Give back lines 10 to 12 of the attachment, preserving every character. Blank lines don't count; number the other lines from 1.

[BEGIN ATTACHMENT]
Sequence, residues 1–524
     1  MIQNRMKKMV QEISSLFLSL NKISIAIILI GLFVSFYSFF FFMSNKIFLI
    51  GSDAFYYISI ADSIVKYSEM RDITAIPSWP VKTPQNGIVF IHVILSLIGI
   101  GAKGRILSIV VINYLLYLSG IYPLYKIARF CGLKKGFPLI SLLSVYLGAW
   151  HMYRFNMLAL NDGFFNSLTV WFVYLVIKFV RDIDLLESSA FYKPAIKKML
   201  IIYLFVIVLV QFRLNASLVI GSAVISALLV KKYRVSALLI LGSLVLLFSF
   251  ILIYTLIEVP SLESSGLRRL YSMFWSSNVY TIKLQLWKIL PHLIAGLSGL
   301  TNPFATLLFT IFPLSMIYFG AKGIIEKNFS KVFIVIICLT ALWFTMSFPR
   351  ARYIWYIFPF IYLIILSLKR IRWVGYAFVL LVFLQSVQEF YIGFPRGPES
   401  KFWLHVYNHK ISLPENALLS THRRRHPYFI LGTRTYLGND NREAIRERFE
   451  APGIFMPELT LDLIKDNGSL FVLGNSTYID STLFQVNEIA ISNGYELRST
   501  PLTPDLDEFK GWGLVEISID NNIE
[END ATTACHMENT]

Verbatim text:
   401  KFWLHVYNHK ISLPENALLS THRRRHPYFI LGTRTYLGND NREAIRERFE
   451  APGIFMPELT LDLIKDNGSL FVLGNSTYID STLFQVNEIA ISNGYELRST
   501  PLTPDLDEFK GWGLVEISID NNIE